So I thought.
Since December, every month like clockwork I get a multipage statement in the mail letting me know I have a credit for $1.24.
If we assume it costs, conservatively, $0.50 to send that bill, they’ve already spent almost twice what they owe me to let me know about the credit.
In other billing news, our newest insurance provider, Guardian, has informed my insurance broker that we haven’t paid our last two bills. As someone who is incredibly anal-retentive about paying bills I can explain: we haven’t gotten any.
And, in order to sign up to pay your bill online, you have to have information that is only sent with the paper bill, which I haven’t received.
Is it any wonder that the adoption of paperless billing has stalled? If we can’t trust our suppliers to deal with paper bills correctly, why would we trust them to do it electronically? With the huge penalties for missing, say, a credit card payment by even by one day, entering into an agreement to only get an electronic reminder can be a bit scary.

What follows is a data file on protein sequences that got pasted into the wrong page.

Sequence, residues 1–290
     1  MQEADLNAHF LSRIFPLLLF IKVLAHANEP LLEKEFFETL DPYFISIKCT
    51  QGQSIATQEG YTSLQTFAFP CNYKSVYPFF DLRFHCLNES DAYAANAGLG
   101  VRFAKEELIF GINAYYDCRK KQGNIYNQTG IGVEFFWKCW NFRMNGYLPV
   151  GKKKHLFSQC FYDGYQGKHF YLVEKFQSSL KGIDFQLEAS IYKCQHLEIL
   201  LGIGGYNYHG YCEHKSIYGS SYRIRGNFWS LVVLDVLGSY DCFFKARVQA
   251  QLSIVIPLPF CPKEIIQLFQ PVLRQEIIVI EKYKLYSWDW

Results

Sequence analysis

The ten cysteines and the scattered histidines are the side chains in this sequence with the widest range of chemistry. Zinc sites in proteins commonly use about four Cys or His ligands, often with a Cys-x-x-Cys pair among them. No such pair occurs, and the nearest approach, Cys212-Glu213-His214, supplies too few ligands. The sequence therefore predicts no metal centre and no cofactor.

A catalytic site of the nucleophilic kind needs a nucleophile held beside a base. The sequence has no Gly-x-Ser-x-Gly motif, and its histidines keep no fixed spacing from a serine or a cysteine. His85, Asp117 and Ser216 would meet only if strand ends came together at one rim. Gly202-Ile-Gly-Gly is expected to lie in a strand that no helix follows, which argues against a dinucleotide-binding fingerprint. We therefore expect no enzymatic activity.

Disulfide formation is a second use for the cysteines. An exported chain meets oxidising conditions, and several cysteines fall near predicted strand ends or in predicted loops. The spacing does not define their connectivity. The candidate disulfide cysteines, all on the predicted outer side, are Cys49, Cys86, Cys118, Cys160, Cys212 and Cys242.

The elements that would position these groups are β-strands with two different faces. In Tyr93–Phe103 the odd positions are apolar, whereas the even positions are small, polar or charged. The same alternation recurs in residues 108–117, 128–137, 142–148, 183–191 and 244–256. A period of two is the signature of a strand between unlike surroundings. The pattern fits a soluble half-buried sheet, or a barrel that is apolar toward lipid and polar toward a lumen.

I wish they would adopt the process my eye doctor uses to verify appointments. Two days before the appointment they send out an e-mail. In the e-mail is a link to confirm or reschedule the appointment. If you don’t click on it, they call you the next day.
If Citibank or Chase would implement a system where they would send a paperless statement (or let you know that it is ready) and if you didn’t verify receipt within a certain period of time they’d send out the paper statement, I’d sign up in a heartbeat. Technologically it wouldn’t be hard to implement.
Can you tell I’m a little overwhelmed with paperwork lately? As OpenNMS has grown I’ve had to spend more and more time with administrative tasks than playing with software. I’m not sure I like it.
At least I got to help a client figure out a notification issue that was giving him trouble yesterday, and a lot of it is dealing with new business, which is always great, so I guess I shouldn’t complain.